we will discuss later).
• Why not? Generally, business owners cannot
sponsor themselves for permanent residence.
• Consider E, O or L instead of H (see below).
Are There Alternatives to the H?
• TN (Treaty NAFTA) for citizens of Canada and
Mexico only. Occupations listed at 8 Code of
Federal Regulations Sec. 214.6(c) mostly require
a minimum of Bachelor’s degree, except
Scientific Technician/Technologist. But business
majors beware: “Management Consultant” is
carefully scrutinized; generally must be
independent contractor. TN given in three year
increments; requires residence abroad (no dual
Other Alternatives?
• H1B1 visa for Chile, Singapore: very similar to normal H1B,
except granted in one year increments, requires residence
abroad (no dual intent).
• E 3 for Australian citizens; again very similar to H1B; two year
increments; minimum Bachelor’s, dual intent ok; spouses may
• H-3 trainee. 2 yrs max; training must be for job abroad.
• J-1 trainee. 18 mo. max; looser than H 3, but requires fgn
degree and one year work experience in field outside US.
• J-1 professor/researcher , K-12 teacher, camp counselor,
summer work/travel, specialist, short term scholar, etc.
• O-1 person of extraordinary ability/achievement.
H Alternatives?
• E 1/E 2: if your country of nationality has an trader/investor
treaty with US, investment of as little as 50K in a job-creating
business can mean a visa for life, work permit for spouse.
• List of treaty countries:
• L 1A/L 1B: if you were employed by a company abroad for at
least a year before coming to the US, and they wish to employ
you in US; work permit for spouse.
• R-1: possible if job offer has a significant religious component.
• B-1 business visitor: only possible if employed outside US, no
remuneration in US except expenses, and product/service is
made/rendered outside US. VERY LIMITED UTILITY.
What If No Job Offer in US?
• Go back to school, retool your skills to fit the market.
• Canada, Australia or other country with demand for
your skills are alternatives.
• Canada has an easy point system. See
• Your home country or other country where your
language is spoken/your skills are in demand. Many
companies, eg, Johnson and Johnson, eagerly hire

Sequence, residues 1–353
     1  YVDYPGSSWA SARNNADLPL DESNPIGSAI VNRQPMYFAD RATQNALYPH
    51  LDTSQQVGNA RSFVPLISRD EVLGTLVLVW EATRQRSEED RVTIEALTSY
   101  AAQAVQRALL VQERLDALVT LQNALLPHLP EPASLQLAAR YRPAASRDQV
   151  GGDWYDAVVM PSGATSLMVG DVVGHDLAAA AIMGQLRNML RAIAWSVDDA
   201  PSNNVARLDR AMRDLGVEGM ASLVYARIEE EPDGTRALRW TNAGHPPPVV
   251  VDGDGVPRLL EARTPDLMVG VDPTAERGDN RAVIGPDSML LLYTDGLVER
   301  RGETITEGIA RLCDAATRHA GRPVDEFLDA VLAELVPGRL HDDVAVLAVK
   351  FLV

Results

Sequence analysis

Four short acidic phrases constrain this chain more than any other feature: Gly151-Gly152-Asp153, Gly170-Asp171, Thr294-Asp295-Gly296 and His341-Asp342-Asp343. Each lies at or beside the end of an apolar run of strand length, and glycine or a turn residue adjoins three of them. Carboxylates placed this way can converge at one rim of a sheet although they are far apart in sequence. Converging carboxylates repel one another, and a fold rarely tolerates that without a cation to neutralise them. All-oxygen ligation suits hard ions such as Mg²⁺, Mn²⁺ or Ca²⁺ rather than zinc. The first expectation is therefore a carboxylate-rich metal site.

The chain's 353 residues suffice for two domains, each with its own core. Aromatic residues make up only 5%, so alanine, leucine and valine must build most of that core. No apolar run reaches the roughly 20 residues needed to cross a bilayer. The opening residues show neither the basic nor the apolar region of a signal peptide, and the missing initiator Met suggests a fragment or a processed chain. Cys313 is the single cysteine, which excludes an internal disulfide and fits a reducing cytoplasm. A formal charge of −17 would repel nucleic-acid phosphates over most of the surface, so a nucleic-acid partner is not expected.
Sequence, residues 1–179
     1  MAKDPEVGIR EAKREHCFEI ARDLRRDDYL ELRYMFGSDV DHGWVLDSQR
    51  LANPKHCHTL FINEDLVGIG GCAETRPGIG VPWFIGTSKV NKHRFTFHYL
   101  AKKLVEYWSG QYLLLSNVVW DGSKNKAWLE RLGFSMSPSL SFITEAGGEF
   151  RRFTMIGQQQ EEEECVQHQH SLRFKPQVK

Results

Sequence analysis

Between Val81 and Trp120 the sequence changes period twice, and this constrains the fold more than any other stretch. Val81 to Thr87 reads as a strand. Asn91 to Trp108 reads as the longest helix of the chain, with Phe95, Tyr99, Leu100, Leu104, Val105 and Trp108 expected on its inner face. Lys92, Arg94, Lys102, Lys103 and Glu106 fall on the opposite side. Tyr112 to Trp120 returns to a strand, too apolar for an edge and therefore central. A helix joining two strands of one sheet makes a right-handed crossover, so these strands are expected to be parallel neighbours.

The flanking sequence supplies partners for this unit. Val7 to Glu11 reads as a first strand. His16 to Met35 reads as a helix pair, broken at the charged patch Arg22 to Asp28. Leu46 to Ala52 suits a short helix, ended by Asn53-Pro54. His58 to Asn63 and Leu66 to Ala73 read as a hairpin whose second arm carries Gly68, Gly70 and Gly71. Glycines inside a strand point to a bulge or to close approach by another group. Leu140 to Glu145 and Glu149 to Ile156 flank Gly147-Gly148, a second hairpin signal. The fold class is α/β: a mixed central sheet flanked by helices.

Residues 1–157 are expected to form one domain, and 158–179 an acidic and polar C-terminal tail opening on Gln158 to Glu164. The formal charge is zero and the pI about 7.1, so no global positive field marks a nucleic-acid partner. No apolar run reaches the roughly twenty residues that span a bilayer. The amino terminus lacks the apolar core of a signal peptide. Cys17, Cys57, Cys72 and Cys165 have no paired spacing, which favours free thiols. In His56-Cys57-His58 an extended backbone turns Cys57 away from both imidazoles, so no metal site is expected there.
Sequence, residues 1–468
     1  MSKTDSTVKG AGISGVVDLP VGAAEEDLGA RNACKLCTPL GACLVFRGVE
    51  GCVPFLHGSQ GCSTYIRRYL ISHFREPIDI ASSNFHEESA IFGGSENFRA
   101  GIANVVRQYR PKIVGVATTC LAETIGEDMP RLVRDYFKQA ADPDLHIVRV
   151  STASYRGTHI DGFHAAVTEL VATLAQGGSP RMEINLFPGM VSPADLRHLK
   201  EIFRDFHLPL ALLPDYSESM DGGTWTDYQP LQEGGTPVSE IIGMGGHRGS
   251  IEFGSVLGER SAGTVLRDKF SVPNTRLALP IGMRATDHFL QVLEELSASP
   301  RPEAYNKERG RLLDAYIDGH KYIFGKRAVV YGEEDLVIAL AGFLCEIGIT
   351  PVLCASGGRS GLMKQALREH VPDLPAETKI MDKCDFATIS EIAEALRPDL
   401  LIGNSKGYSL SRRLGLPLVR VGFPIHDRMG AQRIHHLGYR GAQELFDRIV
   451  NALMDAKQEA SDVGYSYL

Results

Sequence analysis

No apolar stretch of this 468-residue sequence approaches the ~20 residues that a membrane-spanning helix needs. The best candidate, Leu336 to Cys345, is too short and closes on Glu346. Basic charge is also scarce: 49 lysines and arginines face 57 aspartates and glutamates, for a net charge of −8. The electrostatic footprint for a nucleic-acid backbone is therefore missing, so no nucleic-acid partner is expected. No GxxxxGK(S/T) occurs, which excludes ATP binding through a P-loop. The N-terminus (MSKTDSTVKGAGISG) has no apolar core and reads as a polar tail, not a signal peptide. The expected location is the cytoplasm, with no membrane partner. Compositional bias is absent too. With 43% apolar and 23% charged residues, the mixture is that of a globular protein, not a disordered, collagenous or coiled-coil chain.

for home country service, and then often transfer
back to the US.
Permanent Residence
What is Permanent Residence?
• The right to live and work permanently in the US for any employer.
• A person becomes a permanent resident through adjustment of
status in the US or issuance of an immigrant visa outside the US. A
person generally must maintain lawful status in order to adjust in
the US.
• What can jeopardize permanent residence?
Obtaining PR by fraud or misrepresentation;
Any absence of over six months from the US;
Abandonment of residence in the US;
Certain types of criminal conduct.
• Permanent residence is usually represented by a plastic card issued
• Permanent residence is not citizenship: that comes
usually after a period of permanent residence.
Routes to Permanent Residence
• Employment-based
• Family-based
– U.S. citizen or permanent resident spouse
– USC or PR parent; USC child over 21; USC sibling
– Long waits for all but spouse of USC or parent of USC child over 21.
Large Investment
Domestic Abuse
Victims of Trafficking and Serious Crimes
Special Congressional Programs
Private bills—VERY rare
MAVNI, Military Accessions Vital to the National
Interest. Just reinstated until 5/16/14.
• Removal Proceedings
• Diversity Visa Lottery: only apply at OPEN 10/2 to
Persons BORN here NOT eligible for DV
2014, unless Spouse BORN elsewhere:
(mainland-born), COLOMBIA, DOMINICAN
KINGDOM (except Northern Ireland) and its
dependent territories, and VIETNAM.
Employment Based Immigration
• Generally must have full time permanent job
offer. Only National Interest Waiver, Person of
Extraordinary Ability are self sponsored.
• First step is generally labor certification (LC).
Exceptions: NIW, Extraordinary Ability,
Outstanding Professor/Researcher, Persons of
Exceptional Ability, Nurses, Physical Therapists.
• Labor certification for PR not the same as Labor
Condition Application for H1B visa: hence
employers’ confusion of the two.
Self Sponsorship: National Interest
Waiver (EB 2)
• Advanced degree or exceptional ability
• Activity in area which will benefit entire
country, directly or indirectly (eg,
transportation links)
• Activity is of “intrinsic merit”
• Applicant must affect field to greater degree
than average, so that labor certification and job
offer should not be required in exercise of
• No labor certification or job offer required;
however, must demonstrate concrete “activity”.
• Approval rate at USCIS: about 74%.
Self Sponsorship: Extraordinary Ability
(EB 1A)
• Person “has risen to very top of field of
• One time internationally renowned award or
at least three of ten types of evidence.
• Extraordinary ability will be utilized in activity
in US.
• No labor certification or job offer required.
• Approval rate at USCIS: about 50%.
Self Sponsorship--Entrepreneurs
• Despite pronouncements by DHS and President Obama
encouraging entrepreneurs in July, 2011, this is still a
difficult area.
• Sponsorship through Labor certification impossible:
DOL rules do not permit even partial owners to file.
• Remaining possibilities:
EB 5
E-1/E-2 visa. Not PR but could lead to EB 5.
L-1 visa, if owned own company outside US before